Plasmids, antibodies, and reagents
Mouse wild-type TRAF3IP3 (T3) or mutant TRAF3IP3 lacking the TM were cloned into the retroviral vector pCLXSN-CFP. Flag-tagged mouse PP2Ac and HA-tagged mouse TRAF3IP3 were cloned into the pcDNA3-HA vector. Antibodies for HSP60 (H1), Tubulin (TU-02), and TRAF3IP3 (B-7) were from Santa Cruz Biotechnology. Antibodies for p-S6K, p-S6, p-AKT(T308), p-AKT(S473), MEK1/2, p-MEK1/2, p-p38, p-JNK, p-p65, p-ERK, HIF1-α, Golgin-97, LAT, mTOR, c-Myc, PP2Aa, PP2Ab, PP2Ac, and Raptor were purchased from Cell Signaling Technology. Antibodies for LAMP1 and GLUT1 were purchased from Abcam. Anti-PP2Ac (1D6) antibody for confocal analysis was from EMD Millipore. HRP-conjugated anti-HA antibody (3F10) was from Roche. Anti-FLAG (M2) antibody was from Sigma-Aldrich. Anti-mouse-PD-1 (clone J43) and isotype control IgG (hamster IgG) antibodies were from Bio X Cell. The fluorochrome-conjugated antibodies for CD4 (GK1.5), CD8 (53–6.7), CD44 (IM7), CD62L (MEL-14), Ki-67 (SolA15), Foxp3 (FJK-16s), IFN-γ (XMG1.2), IL-17 (eBio17B7), CD25 (CD25-4E3), GITR (eBioAITR), PD-1 (MIH4), CTLA-4 (14D3), and 2-(N-(7-Nitrobenz-2-oxa-1,3-diazol-4-yl)Amino)-2-Deoxyglucose (2-NBDG) were purchased from Thermo Fisher Scientific. Phospho-p44/42 MAPK (Erk1/2; Thr202/Tyr204; E10) Mouse mAb (Alexa Fluor 647 Conjugate), c-Myc (D84C12) Rabbit mAb (PE Conjugate), and phospho-S6 Ribosomal Protein (Ser235/236; D57.2.2E) XP Rabbit mAb (APC Conjugate) were purchased from Cell Signaling Technology. Rapamycin (R0395), okadaic acid (O9381; used at 10 nM), dichloroacetic acid (D54702), and sphingomyelinase (SMase; used at 0.5 units/ml) from Staphylococcus aureus (S8633) were purchased from Sigma-Aldrich.
Organs were removed from age- and sex-matched 8-mo-old Traf3ip3+/+Foxp3-Cre and Traf3ip3fl/flFoxp3-Cre mice or RAG-1–deficient mice given adoptive transfer of wild-type naive CD45RBhi CD4+ T cells together with sorted T reg cells, fixed in 10% neutral buffered formalin, embedded in paraffin, and sectioned for staining with hematoxylin and eosin.
Cells were stained in PBS containing 2% FBS with indicated fluorochrome-conjugated antibodies for surface marker analysis. To determine intracellular cytokine expression, cells were stimulated with phorbol 12-myristate 13-acetate, ionomycin, and monensin for 5 h. At the end of stimulation, cells were stained with the indicated fluorochrome-conjugated antibodies according to the manufacturer’s instructions (Thermo Fisher Scientific). Foxp3 staining was performed according to the manufacturer’s instructions (Thermo Fisher Scientific). For intracellular staining of p-S6 and p-ERK, stimulated T reg cells were fixed in Fix Buffer I (BD) for 10 min, followed by incubation in cold Perm Buffer III (BD) for 20 min, and then subjected to antibody staining and flow cytometric analysis.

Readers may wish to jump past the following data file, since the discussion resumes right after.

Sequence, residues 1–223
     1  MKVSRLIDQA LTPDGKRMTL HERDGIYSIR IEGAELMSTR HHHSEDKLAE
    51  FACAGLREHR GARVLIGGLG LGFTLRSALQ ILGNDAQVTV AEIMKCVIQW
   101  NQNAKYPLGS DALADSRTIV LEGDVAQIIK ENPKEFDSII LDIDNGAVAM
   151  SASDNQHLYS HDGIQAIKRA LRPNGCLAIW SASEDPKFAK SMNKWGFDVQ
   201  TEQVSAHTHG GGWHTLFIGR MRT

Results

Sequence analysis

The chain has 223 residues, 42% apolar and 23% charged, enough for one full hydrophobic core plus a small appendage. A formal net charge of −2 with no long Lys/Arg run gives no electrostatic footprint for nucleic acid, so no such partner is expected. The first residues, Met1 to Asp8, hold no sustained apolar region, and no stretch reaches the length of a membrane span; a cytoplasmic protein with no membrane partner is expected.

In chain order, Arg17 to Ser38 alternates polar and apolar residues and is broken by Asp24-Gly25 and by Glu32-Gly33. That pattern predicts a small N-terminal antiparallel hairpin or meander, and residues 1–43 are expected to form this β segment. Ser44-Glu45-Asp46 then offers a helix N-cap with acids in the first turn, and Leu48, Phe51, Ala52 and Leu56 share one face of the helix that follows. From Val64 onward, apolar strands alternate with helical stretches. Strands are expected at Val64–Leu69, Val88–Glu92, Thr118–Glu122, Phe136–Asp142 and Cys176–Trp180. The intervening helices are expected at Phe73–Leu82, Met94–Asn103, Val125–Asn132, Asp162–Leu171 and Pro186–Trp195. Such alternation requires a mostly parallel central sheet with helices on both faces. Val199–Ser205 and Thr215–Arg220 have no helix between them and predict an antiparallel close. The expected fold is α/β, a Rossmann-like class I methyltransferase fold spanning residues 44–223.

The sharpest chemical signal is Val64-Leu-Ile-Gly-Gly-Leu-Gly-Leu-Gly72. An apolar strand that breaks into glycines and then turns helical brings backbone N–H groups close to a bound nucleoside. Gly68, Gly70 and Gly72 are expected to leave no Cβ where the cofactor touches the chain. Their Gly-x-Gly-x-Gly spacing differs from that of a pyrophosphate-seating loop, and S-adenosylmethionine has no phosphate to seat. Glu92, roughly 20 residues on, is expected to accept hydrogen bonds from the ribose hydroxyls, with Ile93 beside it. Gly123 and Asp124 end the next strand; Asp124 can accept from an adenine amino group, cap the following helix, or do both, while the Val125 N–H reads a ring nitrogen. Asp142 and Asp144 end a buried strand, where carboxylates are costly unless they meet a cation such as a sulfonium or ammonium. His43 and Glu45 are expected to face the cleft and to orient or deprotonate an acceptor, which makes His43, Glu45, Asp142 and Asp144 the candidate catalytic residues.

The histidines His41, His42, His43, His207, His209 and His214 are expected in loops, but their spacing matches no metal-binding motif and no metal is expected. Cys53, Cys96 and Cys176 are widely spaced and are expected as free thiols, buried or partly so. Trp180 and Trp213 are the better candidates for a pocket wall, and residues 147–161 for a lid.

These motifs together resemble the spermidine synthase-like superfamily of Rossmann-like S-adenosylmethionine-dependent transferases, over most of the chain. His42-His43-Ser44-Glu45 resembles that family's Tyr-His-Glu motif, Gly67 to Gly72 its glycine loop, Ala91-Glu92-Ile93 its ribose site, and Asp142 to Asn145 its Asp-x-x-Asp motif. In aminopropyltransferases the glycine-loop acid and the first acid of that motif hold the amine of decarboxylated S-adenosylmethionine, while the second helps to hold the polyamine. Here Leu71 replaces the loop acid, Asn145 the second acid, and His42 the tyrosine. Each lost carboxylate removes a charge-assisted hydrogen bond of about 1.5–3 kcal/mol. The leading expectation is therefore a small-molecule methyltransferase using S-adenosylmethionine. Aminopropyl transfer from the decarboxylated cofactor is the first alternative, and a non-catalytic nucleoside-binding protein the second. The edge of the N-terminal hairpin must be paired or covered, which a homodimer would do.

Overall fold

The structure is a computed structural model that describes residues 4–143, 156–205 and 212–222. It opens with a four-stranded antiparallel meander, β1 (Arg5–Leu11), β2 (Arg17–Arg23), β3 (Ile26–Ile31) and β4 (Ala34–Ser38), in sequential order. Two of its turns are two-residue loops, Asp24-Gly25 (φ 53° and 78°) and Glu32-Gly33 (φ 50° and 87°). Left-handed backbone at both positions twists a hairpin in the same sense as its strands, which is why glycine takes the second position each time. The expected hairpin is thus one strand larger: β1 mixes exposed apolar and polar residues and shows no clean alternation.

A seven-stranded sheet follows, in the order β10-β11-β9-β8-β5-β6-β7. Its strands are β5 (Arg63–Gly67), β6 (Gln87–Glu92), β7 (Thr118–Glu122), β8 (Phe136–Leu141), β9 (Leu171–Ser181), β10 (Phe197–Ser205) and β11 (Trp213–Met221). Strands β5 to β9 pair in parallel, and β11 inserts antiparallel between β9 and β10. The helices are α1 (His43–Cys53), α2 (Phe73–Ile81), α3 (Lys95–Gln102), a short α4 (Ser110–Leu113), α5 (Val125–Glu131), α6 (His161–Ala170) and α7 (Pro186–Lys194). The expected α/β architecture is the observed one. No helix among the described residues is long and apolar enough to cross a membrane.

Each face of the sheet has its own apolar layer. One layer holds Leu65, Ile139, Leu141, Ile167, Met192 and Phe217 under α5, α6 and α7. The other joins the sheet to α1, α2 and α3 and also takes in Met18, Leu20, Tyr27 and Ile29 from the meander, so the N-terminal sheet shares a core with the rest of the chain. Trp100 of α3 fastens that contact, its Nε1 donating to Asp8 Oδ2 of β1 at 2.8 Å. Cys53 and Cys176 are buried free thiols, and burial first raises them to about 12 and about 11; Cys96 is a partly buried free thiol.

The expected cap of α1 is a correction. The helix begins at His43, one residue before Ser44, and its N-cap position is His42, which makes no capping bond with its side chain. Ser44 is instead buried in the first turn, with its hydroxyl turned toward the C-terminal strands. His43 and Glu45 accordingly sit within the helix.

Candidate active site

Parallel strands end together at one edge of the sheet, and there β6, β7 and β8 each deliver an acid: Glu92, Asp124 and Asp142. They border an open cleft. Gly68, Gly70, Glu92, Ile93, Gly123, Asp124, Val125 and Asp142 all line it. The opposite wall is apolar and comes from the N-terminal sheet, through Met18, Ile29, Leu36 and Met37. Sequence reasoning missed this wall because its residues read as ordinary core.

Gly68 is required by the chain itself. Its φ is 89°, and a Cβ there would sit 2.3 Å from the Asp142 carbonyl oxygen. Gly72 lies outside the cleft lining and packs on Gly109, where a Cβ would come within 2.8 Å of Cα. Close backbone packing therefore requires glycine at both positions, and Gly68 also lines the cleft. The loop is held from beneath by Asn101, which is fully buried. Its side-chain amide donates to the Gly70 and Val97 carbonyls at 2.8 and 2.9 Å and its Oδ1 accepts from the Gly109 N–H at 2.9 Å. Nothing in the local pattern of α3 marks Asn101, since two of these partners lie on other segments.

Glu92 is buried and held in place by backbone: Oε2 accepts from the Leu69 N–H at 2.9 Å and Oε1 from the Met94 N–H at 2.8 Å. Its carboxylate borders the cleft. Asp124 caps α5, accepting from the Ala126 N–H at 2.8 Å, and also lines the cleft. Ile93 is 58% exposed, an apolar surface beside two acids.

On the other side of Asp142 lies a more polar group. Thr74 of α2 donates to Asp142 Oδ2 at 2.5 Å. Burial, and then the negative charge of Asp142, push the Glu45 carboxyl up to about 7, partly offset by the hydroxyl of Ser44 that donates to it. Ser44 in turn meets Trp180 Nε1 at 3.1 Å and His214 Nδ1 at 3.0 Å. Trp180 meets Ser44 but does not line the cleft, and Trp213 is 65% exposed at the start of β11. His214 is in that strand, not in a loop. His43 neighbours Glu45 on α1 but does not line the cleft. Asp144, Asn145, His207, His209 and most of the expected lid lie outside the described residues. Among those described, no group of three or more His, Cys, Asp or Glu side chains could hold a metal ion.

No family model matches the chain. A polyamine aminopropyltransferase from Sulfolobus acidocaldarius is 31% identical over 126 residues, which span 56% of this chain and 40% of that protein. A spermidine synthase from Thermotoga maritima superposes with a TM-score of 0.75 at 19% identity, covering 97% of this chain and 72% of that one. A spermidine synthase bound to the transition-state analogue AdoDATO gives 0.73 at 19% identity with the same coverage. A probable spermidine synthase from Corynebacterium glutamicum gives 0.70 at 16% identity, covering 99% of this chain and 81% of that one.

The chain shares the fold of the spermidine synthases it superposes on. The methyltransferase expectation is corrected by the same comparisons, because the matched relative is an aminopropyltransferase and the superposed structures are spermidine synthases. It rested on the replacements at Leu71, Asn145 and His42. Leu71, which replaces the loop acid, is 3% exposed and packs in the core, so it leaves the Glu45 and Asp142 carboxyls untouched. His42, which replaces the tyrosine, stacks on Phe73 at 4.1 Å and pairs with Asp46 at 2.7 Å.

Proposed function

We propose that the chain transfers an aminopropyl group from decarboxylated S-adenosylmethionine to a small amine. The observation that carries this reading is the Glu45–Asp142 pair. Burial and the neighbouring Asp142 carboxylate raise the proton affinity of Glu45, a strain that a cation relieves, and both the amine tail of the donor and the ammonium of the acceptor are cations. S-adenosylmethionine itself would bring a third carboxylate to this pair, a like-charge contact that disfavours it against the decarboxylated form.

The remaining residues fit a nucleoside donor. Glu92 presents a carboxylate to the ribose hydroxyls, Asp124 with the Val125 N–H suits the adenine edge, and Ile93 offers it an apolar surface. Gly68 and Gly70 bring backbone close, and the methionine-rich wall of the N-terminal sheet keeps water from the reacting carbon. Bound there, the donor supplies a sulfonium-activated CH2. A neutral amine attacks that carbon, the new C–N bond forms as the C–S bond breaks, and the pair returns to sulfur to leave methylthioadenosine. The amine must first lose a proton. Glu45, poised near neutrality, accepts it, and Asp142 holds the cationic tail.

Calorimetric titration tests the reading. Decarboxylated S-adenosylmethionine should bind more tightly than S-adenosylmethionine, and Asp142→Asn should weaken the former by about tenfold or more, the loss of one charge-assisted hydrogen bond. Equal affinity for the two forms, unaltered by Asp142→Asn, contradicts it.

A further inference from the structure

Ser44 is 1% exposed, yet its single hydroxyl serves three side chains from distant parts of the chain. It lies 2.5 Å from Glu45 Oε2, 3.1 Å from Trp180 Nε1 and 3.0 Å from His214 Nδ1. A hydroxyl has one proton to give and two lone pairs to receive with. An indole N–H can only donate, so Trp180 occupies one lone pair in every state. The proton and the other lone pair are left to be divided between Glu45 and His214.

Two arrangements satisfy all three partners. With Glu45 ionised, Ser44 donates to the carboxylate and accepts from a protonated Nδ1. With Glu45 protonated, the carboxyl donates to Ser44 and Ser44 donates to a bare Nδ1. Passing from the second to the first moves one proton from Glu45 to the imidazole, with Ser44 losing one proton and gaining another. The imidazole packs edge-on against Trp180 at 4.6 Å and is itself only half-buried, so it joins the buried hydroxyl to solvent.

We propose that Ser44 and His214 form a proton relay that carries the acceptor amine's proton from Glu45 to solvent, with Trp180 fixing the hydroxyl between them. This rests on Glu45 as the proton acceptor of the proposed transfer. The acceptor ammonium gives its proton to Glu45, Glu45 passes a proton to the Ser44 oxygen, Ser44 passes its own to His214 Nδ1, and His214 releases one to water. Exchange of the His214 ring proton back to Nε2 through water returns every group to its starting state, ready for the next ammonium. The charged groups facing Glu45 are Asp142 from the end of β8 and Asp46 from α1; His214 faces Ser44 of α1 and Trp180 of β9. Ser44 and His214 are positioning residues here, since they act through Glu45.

T reg cell isolation and stimulation
T reg cells (CD4+CD25+YFP+) were isolated from the spleen of female age-matched Traf3ip3+/+Foxp3-Cre and Traf3ip3fl/flFoxp3-Cre mice (6–8 wk old). The purified T reg cells were stimulated with plate-bound anti-CD3 (1 µg/ml) and anti-CD28 (1 µg/ml) in replicate wells in 6-well plates (5 × 106 cells per well) for flow cytometric, IB, or RNA-sequencing analysis. In vitro suppressive activity of T reg cells, assessed as the proliferation of naive CD4+ T cells activated by anti-CD3 and anti-CD28 antibodies for 3 d in the presence of various ratios of T reg cells sorted from 8-wk-old Traf3ip3+/+Foxp3-Cre mice and Traf3ip3fl/flFoxp3-Cre mice, measured as dilution of the cytosolic dye CFSE. Naive CD4+ T cells were purified by flow cytometric cell sorting based on CD4+CD44loCD62Lhi markers. Naive CD4+ T cells were stimulated with anti-CD3 (5 µg/ml) plus anti-CD28 (1 µg/ml) under TH1 (5 µg/ml anti-IL4, 10 ng/ml IL-12), TH2 (5 µg/ml anti-IFN-γ, 20 ng/ml IL-4), TH17 (5 µg/ml anti-IL4, 5 µg/ml anti-IFN-γ, 15 ng/ml IL-6, 2.5 ng/ml TGF-β), and T reg (5 µg/ml anti-IL4, 5 µg/ml anti-IFN-γ, 5 ng/ml TGF-β) conditions (Zou et al., 2014).
Adoptive transfer of T cells
A total of 4 × 105 T eff cells (CD4+CD45RBhiCD25–) from B6.SJL (CD45.1+) congenic mice were mixed with 2 × 105 wild-type or TRAF3IP3-deficient T reg cells (8-wk-old Traf3ip3+/+Foxp3-Cre or Traf3ip3fl/flFoxp3-Cre mice) and were transferred i.p. into RAG-1–deficient mice. Mice were assessed for clinical signs of colitis weekly and were analyzed 12 wk after transfer.
B16-F10 melanoma cells and MC38 colon cancer cells were cultured in RPMI 1640 supplemented with 10% FBS. These tumor cells were injected s.c. into 8-wk-old Traf3ip3+/+Foxp3-Cre and Traf3ip3fl/flFoxp3-Cre mice (2×105 cells per mouse). The challenged mice were monitored for tumor growth, and the tumor size was expressed as tumor area. To minimize individual variations, 8 or 10 age- and sex-matched mice each group were used.